Housing, Land Use and Transportation 04/08/2011
California Environmental Quality Act (CEQA)
SB 226 (Simitian) – Request for Comment
As Introduced on February 9, 2011
SB 226, by Senator Joe Simitian, would, under the California Environmental Quality Act (CEQA), revise the scoping procedures by authorizing referral of a proposed action to adopt or substantially amend a general plan to a city or county under Government Code §65352 to be conducted concurrently with the scoping meeting, and authorizes the city or county to submit its comments at the scoping meeting.
SB 226 is set for hearing before the Senate Appropriations Committee on April 11.
AB 208 (Fuentes) – Support
As Amended on April 7, 2011
AB 208, by Assembly Member Felipe Fuentes, would extend by another 24 months the expiration date of any approved tentative map or vesting tentative map that has not expired as of the effective date of the bill, and will expire prior to January 1, 2014. The bill also includes the truncated language that reduces from five years to three years, the period of time during which cities and counties are prohibited from placing conditions on the issuance of any building permit, and authorizes permit fees.
AB 208 was passed out of the Assembly Housing and Community Development Committee on April 6 by a unanimous vote. The measure is now set for hearing before the Assembly Appropriations Committee on April 13.
AB 129 (Beall) – Support
As Introduced on January 11, 2011
AB 129, by Assembly Member Jim Beall, would authorize a city or county to specially assess any fines or penalties not paid after demand by the city or county against the owner of real property whom owes fines or penalties. The fines and penalties may be collected at the same time and in the same manner as regularly county taxes thereby avoiding additional time consuming and costly new procedures. Finally, the measure would also authorize a local agency to appoint a hearing officer to hear and decide issues regarding ordinance violations and the imposition of administrative fines and penalties.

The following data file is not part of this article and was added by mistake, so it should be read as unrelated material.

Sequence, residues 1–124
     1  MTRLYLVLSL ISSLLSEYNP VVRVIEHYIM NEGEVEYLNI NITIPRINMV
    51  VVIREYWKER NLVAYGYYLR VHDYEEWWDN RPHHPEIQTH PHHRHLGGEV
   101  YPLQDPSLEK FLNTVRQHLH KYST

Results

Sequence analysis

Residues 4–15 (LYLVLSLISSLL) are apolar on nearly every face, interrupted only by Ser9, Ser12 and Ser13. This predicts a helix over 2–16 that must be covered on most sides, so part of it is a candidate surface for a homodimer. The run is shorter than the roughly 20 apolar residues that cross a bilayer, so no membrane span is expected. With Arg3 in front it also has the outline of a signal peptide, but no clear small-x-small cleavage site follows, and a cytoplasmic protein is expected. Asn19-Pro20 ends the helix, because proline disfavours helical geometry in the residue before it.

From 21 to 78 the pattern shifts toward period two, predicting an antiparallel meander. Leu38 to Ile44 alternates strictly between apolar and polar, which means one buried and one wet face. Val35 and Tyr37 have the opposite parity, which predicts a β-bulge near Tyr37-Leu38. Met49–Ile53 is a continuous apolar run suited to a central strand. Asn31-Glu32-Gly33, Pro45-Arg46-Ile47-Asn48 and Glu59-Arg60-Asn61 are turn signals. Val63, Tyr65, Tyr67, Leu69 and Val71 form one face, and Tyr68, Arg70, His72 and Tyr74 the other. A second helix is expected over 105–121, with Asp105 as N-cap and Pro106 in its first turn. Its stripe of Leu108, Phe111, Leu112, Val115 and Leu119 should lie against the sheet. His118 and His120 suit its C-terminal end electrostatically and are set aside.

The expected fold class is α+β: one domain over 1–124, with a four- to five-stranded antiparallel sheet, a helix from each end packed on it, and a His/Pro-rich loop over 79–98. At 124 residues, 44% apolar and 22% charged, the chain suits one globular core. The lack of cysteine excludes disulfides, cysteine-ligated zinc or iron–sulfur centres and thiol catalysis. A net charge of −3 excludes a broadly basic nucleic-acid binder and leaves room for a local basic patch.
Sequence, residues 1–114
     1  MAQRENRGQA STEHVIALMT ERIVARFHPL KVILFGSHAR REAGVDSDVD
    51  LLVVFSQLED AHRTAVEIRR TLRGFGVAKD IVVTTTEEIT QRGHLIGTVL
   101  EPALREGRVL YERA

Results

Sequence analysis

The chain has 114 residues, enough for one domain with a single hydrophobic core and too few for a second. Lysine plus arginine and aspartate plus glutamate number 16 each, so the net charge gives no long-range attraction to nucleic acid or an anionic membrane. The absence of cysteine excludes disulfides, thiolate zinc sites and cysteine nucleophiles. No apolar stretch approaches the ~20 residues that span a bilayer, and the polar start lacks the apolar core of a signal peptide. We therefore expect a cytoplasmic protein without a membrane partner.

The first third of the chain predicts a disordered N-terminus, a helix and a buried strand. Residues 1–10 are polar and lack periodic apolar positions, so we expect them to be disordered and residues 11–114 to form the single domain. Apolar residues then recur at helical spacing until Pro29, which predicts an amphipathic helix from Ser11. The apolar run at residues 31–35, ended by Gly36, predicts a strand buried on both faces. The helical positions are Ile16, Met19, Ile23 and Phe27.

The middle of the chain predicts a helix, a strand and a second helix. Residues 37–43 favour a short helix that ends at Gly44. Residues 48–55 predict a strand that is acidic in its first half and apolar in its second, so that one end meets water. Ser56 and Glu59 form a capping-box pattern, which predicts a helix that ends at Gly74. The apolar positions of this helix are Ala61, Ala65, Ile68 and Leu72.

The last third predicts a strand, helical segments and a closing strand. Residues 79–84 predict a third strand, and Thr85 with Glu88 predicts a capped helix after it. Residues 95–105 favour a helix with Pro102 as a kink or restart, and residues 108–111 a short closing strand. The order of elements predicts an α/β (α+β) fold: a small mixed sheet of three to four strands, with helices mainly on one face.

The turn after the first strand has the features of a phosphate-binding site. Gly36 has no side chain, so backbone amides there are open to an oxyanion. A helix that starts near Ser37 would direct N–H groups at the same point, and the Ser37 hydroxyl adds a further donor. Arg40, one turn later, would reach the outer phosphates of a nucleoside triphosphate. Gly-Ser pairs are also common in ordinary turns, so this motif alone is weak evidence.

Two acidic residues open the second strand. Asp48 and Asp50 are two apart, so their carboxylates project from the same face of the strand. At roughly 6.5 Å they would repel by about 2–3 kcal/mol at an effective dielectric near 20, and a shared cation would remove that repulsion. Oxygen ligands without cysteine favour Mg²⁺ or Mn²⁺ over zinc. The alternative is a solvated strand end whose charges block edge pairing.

Local agencies can have code enforcement violation cases drag on for years. The changes proposed by AB 129 would provide cities and counties an additional tool for recouping fines and penalties owed to the local agency and streamlines the existing code enforcement process.
AB 129 was passed out of the Assembly Local Government Committee on April 6 by a vote of 6 to 3. The measure is now awaiting action on the Assembly Floor.
AB 147 (Dickinson) – Sponsor
As Amended on April 4, 2011
AB 147, by Assembly Member Roger Dickinson, would expand existing eligible uses for transportation mitigation impact fees charged under the Subdivisions Map Act for transit, bicycle, and pedestrian facilities.
The Subdivision Map Act (Government Code, Section 66484) authorizes cities and counties to charge developer fees to defray the costs of infrastructure improvements to support development projects. Current law limits the use of these fees for the mitigation of traffic impacts to bridges and major thoroughfares.